Background: It is still unclear whether industrial funding of clinical trials might have an impact on results and conclusions. However, little information exists on the reporting of authors' conflicts of interests (COIs) for systematic reviews (SRs) and meta-analyses. Member journals of the International Committee of Medical Journal Editors (ICMJE) have an obligatory form for authors to declare potential COIs.
Objectives: To examine the presence of authors' COIs in SRs related to cancer which have been published in high-impact medical journals or the Cochrane library.
Methods:Based on an a priori protocol we performed a search in MEDLINE for cancer-related SRs published in 10 medical journals with the highest impact factors (e.g. NEJM, Lancet, etc.) between 2012/01 and 2016/12. In addition, we identified all cancer-related Cochrane reviews from the same period using the Cancer filter in the Cochrane Database of Systematic Reviews. Two review authors extracted information on COIs and content of the SR, in duplicate and independently.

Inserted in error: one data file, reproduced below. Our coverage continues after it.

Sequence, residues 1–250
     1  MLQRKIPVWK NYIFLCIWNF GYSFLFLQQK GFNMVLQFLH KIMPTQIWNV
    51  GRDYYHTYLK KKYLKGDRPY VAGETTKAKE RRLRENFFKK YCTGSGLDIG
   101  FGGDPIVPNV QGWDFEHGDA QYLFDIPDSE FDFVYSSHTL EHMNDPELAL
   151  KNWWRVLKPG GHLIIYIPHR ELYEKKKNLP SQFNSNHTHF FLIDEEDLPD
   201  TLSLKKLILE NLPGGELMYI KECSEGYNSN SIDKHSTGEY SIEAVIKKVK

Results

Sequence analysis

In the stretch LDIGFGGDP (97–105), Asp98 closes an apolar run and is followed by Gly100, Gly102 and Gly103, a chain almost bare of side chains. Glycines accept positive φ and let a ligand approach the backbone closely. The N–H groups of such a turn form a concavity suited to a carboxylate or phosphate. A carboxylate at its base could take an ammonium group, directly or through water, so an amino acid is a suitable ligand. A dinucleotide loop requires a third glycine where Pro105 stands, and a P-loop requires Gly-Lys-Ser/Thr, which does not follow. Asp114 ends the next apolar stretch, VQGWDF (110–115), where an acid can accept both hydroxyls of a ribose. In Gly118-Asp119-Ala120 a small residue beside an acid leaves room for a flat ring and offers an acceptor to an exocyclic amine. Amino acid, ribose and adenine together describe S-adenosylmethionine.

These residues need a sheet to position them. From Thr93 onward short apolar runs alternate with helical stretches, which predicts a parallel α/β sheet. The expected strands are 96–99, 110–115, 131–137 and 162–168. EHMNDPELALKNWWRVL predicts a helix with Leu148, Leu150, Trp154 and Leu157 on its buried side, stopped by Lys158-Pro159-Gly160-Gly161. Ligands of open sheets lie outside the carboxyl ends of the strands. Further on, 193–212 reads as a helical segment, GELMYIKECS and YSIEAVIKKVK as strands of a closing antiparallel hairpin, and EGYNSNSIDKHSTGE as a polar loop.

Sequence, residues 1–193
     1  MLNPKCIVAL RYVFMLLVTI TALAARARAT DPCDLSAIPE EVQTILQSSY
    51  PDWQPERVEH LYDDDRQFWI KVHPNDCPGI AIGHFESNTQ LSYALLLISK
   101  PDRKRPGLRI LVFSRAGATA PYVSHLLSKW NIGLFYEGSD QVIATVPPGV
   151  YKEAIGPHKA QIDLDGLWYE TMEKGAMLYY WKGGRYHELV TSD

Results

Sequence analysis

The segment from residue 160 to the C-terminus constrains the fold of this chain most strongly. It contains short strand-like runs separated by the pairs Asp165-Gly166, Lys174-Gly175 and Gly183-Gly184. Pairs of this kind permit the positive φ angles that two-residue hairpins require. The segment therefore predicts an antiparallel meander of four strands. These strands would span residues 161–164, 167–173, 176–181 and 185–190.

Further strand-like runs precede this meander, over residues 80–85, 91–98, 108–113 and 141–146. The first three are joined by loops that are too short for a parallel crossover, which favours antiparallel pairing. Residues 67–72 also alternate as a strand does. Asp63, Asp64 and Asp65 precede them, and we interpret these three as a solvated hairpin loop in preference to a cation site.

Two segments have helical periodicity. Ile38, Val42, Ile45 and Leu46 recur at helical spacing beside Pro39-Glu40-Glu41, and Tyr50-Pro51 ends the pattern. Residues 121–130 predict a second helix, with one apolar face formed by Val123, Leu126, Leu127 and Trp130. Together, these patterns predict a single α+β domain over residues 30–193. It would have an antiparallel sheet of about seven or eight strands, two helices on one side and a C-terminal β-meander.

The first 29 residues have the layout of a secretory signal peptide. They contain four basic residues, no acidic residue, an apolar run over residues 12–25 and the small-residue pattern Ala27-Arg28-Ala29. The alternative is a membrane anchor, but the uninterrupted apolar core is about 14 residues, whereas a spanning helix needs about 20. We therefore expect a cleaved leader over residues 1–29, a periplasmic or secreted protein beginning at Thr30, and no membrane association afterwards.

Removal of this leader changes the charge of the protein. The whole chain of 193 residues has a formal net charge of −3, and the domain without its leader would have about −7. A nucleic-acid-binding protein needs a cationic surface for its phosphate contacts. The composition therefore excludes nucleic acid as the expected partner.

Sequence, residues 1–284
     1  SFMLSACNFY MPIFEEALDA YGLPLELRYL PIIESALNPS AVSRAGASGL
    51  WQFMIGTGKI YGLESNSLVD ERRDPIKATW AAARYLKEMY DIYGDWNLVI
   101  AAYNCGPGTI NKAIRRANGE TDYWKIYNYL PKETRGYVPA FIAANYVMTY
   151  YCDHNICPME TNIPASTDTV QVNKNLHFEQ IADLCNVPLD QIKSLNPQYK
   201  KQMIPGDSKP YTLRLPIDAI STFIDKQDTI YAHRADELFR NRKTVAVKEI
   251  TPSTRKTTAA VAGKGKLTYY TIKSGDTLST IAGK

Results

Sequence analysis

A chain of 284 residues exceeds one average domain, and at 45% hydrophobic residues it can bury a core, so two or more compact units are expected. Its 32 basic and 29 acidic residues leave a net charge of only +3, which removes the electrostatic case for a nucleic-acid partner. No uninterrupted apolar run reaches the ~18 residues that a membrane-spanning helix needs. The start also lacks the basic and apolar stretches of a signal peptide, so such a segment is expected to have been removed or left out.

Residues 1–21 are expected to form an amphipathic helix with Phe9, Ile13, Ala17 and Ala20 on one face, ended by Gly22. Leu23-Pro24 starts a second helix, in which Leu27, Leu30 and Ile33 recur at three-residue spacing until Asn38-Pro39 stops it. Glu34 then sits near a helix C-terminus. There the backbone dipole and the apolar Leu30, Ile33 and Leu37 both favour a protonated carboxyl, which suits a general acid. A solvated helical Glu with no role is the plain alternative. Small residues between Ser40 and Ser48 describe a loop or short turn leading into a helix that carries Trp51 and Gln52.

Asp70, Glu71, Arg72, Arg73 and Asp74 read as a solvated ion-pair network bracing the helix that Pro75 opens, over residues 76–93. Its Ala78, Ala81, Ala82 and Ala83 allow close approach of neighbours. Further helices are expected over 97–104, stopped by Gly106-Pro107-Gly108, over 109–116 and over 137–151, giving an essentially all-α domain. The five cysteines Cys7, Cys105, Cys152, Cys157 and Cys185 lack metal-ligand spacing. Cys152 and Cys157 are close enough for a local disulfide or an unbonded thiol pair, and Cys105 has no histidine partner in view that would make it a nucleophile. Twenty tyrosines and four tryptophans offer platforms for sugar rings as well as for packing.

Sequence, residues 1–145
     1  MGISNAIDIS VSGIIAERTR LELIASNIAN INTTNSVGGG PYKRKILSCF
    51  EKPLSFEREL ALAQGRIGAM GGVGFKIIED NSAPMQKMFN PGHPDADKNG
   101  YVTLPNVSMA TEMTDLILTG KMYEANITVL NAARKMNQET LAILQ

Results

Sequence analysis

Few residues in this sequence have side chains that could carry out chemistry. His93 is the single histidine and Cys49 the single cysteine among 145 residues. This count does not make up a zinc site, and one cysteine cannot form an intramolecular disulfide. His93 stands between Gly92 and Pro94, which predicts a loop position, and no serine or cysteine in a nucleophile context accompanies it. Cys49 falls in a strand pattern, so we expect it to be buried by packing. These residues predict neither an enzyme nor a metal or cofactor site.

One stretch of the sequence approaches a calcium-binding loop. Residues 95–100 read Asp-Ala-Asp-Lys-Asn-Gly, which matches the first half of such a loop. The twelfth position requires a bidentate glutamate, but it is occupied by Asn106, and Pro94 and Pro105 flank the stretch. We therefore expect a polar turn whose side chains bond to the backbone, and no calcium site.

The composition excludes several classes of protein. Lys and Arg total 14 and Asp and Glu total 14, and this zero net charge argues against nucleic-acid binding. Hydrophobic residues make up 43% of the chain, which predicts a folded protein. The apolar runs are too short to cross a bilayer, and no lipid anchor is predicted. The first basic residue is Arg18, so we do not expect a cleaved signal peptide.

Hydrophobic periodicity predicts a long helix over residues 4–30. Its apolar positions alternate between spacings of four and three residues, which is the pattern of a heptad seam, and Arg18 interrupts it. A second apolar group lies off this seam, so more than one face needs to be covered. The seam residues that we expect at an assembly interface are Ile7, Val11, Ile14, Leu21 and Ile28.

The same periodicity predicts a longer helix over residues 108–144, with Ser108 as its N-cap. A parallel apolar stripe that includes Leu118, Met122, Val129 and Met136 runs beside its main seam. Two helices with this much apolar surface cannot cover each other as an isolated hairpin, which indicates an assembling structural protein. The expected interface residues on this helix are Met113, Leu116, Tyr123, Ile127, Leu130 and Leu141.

Results: We identified 178 high-impact SRs and 356 Cochrane reviews, which met our inclusion criteria. A median of 8 authors (IQR 6-14) were involved in high-impact SRs and a median of 5 (IQR 4-6) in Cochrane reviews. Fifty-five (31%) SRs in high-impact journals have been published by at least 1 potentially conflicted author, 18 SRs (10%) in these journals did not give any information regarding personal COIs. Only 31 (9%) of the Cochrane reviews involved at least 1 potentially conflicted author. The median number of conflicted authors was 3 (IQR 2-7) in high-impact journals and 1 (IQR 1-2) in Cochrane reviews. Considering the first authors, 17 (10%) of the high-impact journals and 7 (2%) of Cochrane reviews reported potentially COIs conflicted.
Conclusion: Potential COIs are present in a large number of SRs related to cancer. Although the ICMJE requires reporting of COIs, not all high-impact medical journals report potential COIs of involved authors. There is an important need for further research on the effects of COIs, particularly on the influence on review results and conclusions.